It took me a long time to go back to the cemetery after my father’s funeral. I went alone not sure what my feelings would churn up. Disbelief, anger, sadness, worry, fear, stress, all filled me.
I brought a single rose and a shell. One had soft, vulnerable pedals and a stem full of thorns. One had a spiny, barbed shield surrounding an empty hole. Both represented my heart. I laid them against his monument. The cemetery was quiet. Except for several crows squawking as they jumped on the ground and then back into a tree and a muffled road noise from the busy highway, I heard nothing but the sound of my own thoughts.
“Oh, Daddy,” I cried out, “You broke my heart. Why did you do it?”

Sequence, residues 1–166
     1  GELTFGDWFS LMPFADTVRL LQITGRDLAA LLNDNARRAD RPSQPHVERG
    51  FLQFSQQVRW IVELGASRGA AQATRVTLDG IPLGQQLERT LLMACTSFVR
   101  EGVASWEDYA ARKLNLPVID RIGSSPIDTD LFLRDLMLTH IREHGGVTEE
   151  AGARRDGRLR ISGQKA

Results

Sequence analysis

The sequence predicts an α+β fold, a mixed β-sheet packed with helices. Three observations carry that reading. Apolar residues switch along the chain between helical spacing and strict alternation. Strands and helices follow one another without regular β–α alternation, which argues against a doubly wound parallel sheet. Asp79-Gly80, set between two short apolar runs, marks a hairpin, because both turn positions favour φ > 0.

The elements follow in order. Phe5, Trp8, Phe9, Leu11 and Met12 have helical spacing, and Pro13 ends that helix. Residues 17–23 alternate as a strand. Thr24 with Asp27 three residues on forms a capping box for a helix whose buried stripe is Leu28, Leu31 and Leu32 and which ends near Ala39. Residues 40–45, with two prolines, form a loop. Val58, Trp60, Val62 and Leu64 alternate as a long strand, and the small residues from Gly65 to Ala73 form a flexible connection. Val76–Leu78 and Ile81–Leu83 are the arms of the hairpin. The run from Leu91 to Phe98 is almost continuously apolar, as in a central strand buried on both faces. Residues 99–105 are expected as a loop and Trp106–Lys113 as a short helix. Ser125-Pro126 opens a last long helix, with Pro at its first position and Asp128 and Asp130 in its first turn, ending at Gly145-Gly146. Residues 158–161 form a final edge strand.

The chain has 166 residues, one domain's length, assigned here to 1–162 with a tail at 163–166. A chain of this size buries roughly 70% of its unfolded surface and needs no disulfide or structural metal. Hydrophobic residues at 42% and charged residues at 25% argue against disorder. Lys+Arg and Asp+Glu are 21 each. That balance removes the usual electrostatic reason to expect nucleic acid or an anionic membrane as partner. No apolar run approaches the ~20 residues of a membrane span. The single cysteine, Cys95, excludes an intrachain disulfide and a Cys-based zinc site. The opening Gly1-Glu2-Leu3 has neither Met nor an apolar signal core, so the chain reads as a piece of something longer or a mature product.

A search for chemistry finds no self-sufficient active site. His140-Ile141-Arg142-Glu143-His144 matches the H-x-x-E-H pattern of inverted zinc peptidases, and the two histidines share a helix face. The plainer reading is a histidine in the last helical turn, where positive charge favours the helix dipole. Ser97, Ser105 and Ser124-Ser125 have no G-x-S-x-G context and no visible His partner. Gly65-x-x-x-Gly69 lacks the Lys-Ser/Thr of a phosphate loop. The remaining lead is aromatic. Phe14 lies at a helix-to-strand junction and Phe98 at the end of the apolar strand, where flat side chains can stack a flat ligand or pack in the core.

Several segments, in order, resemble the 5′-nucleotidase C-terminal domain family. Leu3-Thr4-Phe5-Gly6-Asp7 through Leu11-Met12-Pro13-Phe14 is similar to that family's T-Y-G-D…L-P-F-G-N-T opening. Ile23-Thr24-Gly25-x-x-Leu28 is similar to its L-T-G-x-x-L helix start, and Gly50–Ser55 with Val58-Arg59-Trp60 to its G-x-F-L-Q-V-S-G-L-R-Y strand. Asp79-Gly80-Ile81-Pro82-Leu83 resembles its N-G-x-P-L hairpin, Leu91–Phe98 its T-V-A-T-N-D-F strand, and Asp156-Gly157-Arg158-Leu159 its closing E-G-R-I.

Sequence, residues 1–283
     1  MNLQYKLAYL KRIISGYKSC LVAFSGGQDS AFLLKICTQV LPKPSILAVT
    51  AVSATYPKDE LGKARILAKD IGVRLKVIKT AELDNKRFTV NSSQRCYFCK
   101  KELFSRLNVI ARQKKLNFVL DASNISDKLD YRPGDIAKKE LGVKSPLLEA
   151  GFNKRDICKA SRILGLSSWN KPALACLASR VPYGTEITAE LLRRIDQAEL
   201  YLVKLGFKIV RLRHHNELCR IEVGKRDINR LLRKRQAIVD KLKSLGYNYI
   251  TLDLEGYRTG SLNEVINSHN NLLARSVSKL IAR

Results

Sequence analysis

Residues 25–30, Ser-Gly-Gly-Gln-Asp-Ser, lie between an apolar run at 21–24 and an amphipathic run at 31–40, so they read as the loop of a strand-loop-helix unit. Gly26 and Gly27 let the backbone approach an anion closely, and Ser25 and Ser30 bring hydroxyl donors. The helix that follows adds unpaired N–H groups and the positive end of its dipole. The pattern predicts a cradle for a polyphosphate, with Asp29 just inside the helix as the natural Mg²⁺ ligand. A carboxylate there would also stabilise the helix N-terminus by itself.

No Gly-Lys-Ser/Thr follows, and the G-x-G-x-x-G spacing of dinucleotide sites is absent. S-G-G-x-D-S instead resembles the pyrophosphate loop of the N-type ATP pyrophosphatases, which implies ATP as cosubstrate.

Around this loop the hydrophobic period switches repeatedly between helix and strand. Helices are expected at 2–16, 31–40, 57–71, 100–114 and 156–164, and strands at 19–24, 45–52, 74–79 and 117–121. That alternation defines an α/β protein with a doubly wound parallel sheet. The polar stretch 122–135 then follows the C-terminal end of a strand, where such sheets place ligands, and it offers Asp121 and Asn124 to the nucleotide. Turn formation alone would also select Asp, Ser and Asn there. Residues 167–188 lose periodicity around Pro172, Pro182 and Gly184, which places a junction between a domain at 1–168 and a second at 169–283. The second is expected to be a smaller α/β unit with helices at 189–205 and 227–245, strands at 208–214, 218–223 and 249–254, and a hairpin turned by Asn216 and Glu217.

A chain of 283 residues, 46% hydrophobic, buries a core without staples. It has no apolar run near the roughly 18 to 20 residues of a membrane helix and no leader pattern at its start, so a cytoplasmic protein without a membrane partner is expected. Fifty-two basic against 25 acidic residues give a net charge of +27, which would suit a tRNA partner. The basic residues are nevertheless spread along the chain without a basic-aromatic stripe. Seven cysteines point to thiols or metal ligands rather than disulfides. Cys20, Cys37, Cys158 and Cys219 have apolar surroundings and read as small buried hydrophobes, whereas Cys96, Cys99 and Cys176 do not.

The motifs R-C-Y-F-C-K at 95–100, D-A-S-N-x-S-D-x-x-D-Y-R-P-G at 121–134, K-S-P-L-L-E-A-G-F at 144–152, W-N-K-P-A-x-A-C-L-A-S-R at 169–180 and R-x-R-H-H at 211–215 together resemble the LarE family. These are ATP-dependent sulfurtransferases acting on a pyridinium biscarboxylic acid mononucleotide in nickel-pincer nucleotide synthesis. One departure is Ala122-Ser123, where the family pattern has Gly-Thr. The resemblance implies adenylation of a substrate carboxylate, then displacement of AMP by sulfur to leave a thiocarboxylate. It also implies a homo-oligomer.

Just as he left nothing explaining why he killed himself, no great answer rang out from the clouds or even in my head. I heard only the shouting crows. Presently, their lively game of tag gave my grieving mind and aching heart a release from the emotional turmoil. I smiled and went home. Throughout the rest of the week the sounds and games of the crows stayed with me—especially after I read this bible verse.
Consider the ravens: They do not sow or reap; they have no storeroom or barn; yet God feeds them. And how much more valuable you are than birds! Who of you by worrying can add a single hour to his life? Since you cannot do this very little thing, why do you worry about the rest? Luke 12:24-26.